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National Library Week Part Two State of the Library

Tulips in Bloom
Tulips in Bloom
Catherine Al-Meten

Between 1883 and 1929, 2509 public libraries were built thanks to businessman and philanthropist, Andrew Carnegie. Of those, 1,689 were erected in the U.S.. This week the American Library Association released its annual State of America’s Libraries’s report. Among its findings:

90% of those who responded to the Pew Charitable Trust poll stated that libraries were an important part of the community.
96% of Americans believe that public libraries are important because of the access to technology and the technical resources and materials.
96% of responders believe libraries are valuable because they promote literacy and a love of ready
90% of public schools have school libraries, however, public funding for those libraries is having a very negative impact on staffing, hours, and maintaining resources for those public schools.
Public schools continue to feel the crunch from federal, state, and local funding and support. “School libraries continue to feel the combined pressures of recession-driven financial tightening and federal neglect, according to the survey, and school libraries in some districts and some states still face elimination or de-professionalization of their programs.” (American Library Association

Other key trends in public libraries, according to the report, include:

  • “More and more public libraries are turning to the use of web technologies, including websites, online account access, blogs, rich site summary (RSS) feeds, catalog search boxes, sharing interfaces, Facebook, and Twitter";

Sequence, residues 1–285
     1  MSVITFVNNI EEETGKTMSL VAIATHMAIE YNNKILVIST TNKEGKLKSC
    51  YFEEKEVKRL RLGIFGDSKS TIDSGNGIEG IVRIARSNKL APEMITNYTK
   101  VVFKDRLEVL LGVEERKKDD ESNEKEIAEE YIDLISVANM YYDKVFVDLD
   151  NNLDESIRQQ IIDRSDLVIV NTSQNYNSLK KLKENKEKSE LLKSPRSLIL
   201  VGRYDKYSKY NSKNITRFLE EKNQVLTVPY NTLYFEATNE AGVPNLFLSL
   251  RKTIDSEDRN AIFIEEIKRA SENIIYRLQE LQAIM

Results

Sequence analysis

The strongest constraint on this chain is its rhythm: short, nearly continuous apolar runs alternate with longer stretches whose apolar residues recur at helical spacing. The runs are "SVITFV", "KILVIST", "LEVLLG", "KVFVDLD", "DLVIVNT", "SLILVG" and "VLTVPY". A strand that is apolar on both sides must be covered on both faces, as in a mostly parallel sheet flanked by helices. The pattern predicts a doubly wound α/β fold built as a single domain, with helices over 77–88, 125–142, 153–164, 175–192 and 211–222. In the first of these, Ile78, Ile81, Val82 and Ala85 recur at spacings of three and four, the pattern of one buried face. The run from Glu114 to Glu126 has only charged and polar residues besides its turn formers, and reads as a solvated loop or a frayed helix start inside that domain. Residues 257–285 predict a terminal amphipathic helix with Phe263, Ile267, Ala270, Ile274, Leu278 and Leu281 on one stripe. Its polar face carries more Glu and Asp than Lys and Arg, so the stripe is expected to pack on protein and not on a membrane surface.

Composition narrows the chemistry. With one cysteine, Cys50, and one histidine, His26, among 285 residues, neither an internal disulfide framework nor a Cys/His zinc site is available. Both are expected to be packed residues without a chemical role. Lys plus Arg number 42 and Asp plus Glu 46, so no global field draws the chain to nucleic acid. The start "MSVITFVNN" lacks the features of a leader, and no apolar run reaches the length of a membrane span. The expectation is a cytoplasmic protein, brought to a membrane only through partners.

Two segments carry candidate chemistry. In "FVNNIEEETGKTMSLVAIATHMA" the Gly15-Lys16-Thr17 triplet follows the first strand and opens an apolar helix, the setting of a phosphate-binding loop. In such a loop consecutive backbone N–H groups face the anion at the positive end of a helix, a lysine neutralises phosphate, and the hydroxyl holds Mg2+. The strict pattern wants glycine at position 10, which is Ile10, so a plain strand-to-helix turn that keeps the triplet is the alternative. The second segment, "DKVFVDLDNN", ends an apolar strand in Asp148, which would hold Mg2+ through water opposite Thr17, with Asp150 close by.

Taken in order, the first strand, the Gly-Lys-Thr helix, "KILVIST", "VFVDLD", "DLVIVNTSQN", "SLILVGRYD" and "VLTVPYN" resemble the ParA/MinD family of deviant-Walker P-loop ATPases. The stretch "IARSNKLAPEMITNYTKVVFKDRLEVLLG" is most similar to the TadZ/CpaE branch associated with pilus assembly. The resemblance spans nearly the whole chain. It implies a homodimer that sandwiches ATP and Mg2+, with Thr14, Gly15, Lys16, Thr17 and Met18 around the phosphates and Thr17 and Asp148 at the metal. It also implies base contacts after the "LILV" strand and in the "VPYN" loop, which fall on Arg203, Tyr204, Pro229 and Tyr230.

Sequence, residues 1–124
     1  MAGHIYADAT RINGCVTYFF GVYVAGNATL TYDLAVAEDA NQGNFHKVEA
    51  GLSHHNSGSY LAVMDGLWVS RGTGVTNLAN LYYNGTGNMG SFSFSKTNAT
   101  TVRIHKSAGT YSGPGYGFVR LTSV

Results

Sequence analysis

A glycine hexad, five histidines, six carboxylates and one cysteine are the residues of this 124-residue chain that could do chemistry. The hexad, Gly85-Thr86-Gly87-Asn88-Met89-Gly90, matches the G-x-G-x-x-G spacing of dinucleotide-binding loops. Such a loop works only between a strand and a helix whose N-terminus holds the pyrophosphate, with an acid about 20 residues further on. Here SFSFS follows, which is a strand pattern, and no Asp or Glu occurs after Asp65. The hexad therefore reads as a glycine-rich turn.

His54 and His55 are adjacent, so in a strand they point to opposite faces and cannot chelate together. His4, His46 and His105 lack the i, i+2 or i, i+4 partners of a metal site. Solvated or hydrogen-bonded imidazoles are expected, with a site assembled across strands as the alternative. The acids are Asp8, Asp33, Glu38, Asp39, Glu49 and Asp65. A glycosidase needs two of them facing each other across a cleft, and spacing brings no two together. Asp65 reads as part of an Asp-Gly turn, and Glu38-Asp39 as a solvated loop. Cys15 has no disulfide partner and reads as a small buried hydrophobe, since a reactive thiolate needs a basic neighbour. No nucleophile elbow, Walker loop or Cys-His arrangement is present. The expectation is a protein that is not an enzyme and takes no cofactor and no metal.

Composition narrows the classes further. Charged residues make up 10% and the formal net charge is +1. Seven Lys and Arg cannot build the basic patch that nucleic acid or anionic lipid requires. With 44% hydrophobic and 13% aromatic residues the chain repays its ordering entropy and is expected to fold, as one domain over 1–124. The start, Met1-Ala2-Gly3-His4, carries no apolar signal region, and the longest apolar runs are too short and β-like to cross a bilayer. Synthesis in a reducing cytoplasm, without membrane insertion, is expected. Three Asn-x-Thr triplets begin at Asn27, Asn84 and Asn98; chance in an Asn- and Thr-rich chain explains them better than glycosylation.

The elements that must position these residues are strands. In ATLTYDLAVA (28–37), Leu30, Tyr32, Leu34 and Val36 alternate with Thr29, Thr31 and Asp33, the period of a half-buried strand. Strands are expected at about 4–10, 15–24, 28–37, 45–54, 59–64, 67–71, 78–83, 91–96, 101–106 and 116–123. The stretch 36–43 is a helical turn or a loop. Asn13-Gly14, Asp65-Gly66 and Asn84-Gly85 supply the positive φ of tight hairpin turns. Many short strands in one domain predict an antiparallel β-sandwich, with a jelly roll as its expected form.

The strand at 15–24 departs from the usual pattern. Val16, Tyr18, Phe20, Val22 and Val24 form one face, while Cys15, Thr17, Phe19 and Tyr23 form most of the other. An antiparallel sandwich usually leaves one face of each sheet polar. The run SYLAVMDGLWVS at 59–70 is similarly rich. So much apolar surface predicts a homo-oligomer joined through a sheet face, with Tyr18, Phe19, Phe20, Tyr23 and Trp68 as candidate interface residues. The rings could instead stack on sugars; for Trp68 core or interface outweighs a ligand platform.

• "The economic downturn is continuing at most institutions of higher learning, and academic librarians are working to transform programs and services by repurposing space and redeploying staff in the digital resources environment";
  • "President Obama signed a $1.1 trillion spending bill in January that will fund the federal government through September and partially restore funding to the Library Services and Technology Act (LSTA)—the primary source of annual funding for libraries in the federal budget—that were dramatically cut in the 2013 fiscal year under sequestration.”

One of the key ingredients for making libraries the havens for learning and exploration that they are is the quality and dedication the librarians. Today is National Library Worker Day, and a perfect time to show your support and appreciation for the librarians who insure you find what you need and help you make great discoveries. Visit the National Library Workers website and find how how you can support and show your appreciation to your local librarians.

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